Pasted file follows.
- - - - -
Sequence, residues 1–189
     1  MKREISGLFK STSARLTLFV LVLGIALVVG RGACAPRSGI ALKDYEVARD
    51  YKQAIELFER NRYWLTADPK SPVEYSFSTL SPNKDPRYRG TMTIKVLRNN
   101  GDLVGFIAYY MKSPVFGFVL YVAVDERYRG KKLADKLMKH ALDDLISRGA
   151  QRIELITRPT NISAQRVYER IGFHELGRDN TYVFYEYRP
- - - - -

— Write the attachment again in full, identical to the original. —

Sequence, residues 1–189
     1  MKREISGLFK STSARLTLFV LVLGIALVVG RGACAPRSGI ALKDYEVARD
    51  YKQAIELFER NRYWLTADPK SPVEYSFSTL SPNKDPRYRG TMTIKVLRNN
   101  GDLVGFIAYY MKSPVFGFVL YVAVDERYRG KKLADKLMKH ALDDLISRGA
   151  QRIELITRPT NISAQRVYER IGFHELGRDN TYVFYEYRP